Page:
Street cries of the world

Street cries were once a popular subject of songs and literature in Britain, continental Europe and elsewhere. Each month from 2018 onwards I'll be scanning and transcribing publications to build this collection.


This article appeared in Vol. 2 No. 2 of The Crayon, published in July 1855. This New York-based journal described itself as ‘devoted to the graphic arts and the literature related to them’.


MOST persons are now well acquainted with the general aspect of the Venetian gondola, but few have taken the pains to understand the cries of warning uttered by its boatmen, although those cries arc peculiarly characteristic, and very impressive to a stranger, and have been even very sweetly introduced in poetry by Mr. Monckton Milnes. It may, perhaps, be interesting to the traveller in Venice to know the general method of management of the boat to which he owes so many happy hours.

The gondola is, in general, rowed only by one man standing at the stern; those of the upper classes having two or more boatmen, for greater speed and magnificence. In order to raise the oar sufficiently, it rests, not on the side of the boat, but on a piece of crooked timber like the branch of a tree, rising about a foot from the boat’s side, and called a “forcola.” The forcola is of different forms, according to the size and uses of the boat, and is always somewhat complicated in its parts and curvature, allowing the oar various kinds of rests and catches on both its sides, but perfectly free play in all cases, as the management of the boat depends on the gondoliers being able in an instant to place his oar in any position.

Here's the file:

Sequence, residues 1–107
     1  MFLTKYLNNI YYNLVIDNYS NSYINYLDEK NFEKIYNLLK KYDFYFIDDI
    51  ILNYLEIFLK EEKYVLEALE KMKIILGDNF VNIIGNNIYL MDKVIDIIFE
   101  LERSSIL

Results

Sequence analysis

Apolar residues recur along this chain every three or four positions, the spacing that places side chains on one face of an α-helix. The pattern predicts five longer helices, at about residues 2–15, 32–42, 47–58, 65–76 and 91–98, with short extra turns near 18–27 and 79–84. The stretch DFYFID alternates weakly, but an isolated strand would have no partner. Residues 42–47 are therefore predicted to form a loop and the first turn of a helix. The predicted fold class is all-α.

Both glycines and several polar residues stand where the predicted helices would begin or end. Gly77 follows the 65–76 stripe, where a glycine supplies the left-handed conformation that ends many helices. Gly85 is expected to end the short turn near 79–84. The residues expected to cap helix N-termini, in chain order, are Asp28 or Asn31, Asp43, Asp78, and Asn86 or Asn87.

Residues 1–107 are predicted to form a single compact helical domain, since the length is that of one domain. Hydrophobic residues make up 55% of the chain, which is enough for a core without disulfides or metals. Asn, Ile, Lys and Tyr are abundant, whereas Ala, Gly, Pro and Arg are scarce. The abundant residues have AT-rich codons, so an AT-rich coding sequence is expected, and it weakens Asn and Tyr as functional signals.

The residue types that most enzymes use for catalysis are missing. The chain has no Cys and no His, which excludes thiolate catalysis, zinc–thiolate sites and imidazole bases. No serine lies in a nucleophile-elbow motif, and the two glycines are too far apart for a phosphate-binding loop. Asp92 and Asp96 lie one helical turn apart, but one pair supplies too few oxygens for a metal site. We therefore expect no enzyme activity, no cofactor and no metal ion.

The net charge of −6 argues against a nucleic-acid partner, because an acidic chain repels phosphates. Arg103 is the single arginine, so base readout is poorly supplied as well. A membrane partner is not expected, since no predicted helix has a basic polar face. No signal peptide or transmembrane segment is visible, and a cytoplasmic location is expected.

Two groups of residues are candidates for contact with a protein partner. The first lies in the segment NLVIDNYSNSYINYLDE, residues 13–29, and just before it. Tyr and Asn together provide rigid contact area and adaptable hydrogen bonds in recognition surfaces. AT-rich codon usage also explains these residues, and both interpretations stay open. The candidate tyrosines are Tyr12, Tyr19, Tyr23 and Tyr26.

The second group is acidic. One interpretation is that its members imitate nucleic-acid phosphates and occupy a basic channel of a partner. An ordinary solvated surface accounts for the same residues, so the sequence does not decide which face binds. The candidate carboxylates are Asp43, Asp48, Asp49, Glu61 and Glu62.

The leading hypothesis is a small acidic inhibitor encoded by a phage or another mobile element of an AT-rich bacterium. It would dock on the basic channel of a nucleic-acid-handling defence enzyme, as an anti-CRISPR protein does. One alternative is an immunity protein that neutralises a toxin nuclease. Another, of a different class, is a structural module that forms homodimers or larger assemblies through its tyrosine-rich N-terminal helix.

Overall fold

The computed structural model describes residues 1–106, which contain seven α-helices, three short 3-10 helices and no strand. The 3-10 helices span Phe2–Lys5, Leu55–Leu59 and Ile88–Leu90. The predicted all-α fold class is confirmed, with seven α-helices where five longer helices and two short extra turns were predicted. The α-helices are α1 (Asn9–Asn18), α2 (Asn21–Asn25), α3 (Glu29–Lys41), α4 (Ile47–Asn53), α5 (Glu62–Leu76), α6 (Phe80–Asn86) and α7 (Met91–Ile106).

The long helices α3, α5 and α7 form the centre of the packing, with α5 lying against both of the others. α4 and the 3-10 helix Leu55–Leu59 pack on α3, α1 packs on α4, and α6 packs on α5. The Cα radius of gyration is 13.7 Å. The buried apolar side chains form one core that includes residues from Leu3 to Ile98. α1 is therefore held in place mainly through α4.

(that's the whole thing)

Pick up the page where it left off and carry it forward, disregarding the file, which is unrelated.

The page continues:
The forcola is set on the right hand side of the boat, some six feet from the stern: the gondolier stands on a little flat platform or deck behind it, and throws nearly the entire weight of his body upon the forward stroke. The effect of the stroke would be naturally to turn the boat’s head round to the left, as well as to send it forward ; but this tendency is corrected by keeping the blade of the oar under the water on the return stroke, and raising it gradually as a full spoon is raised out of any liquid, so that the blade emerges from the water only an instant before it again plunges.

A downward and lateral pressure upon the forcola is thus obtained, which entirely counteracts the tendency given by the forward stroke; and the effort, after a little practice, becomes hardly conscious, though, as it adds some labor to the back stroke, rowing a gondola at speed is hard and breathless work, though it appears easy and graceful to the lookers-on. If, then, the gondola is to be turned to the left, the forward impulse is given without the return stroke; if it is to be turned to the right, the plunged oar is brought forcibly up to the surface ; in either case, a single strong stroke being enough to turn the light and flat-bottomed boat. But as it has no keel, when the turn is made sharply, as out of one canal into another very narrow one, the impetus of the boat in its former direction gives it an enormous leeway, and it drifts laterally up against the wall of the canal, and that so forcibly, that if it has turned at speed, no gondolier can arrest the motion merely by strength, or rapidity of stroke of oar; but it is checked by a strong thrust of the foot against the wall itself, the head of the boat being, of course, turned for the moment almost completely round to the opposite wall, and greater exertion made to give it, as quickly as possible, impulse in the new direction.